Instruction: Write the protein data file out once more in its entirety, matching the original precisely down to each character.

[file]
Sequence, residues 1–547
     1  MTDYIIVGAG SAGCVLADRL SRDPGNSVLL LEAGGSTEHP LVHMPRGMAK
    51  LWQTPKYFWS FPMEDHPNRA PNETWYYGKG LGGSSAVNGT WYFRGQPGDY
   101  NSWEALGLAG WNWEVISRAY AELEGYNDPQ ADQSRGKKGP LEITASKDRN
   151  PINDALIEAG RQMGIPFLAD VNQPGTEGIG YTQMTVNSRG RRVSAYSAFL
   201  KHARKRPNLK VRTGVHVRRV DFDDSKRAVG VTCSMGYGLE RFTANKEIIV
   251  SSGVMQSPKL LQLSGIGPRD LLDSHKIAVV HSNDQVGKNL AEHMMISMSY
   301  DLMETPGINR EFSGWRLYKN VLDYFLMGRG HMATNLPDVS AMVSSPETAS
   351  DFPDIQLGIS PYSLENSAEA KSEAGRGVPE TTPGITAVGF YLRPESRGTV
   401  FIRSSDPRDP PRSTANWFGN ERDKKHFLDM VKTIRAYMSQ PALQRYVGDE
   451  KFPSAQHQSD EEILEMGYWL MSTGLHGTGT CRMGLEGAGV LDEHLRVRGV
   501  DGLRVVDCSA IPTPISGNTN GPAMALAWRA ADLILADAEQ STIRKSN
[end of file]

Sequence, residues 1–547
     1  MTDYIIVGAG SAGCVLADRL SRDPGNSVLL LEAGGSTEHP LVHMPRGMAK
    51  LWQTPKYFWS FPMEDHPNRA PNETWYYGKG LGGSSAVNGT WYFRGQPGDY
   101  NSWEALGLAG WNWEVISRAY AELEGYNDPQ ADQSRGKKGP LEITASKDRN
   151  PINDALIEAG RQMGIPFLAD VNQPGTEGIG YTQMTVNSRG RRVSAYSAFL
   201  KHARKRPNLK VRTGVHVRRV DFDDSKRAVG VTCSMGYGLE RFTANKEIIV
   251  SSGVMQSPKL LQLSGIGPRD LLDSHKIAVV HSNDQVGKNL AEHMMISMSY
   301  DLMETPGINR EFSGWRLYKN VLDYFLMGRG HMATNLPDVS AMVSSPETAS
   351  DFPDIQLGIS PYSLENSAEA KSEAGRGVPE TTPGITAVGF YLRPESRGTV
   401  FIRSSDPRDP PRSTANWFGN ERDKKHFLDM VKTIRAYMSQ PALQRYVGDE
   451  KFPSAQHQSD EEILEMGYWL MSTGLHGTGT CRMGLEGAGV LDEHLRVRGV
   501  DGLRVVDCSA IPTPISGNTN GPAMALAWRA ADLILADAEQ STIRKSN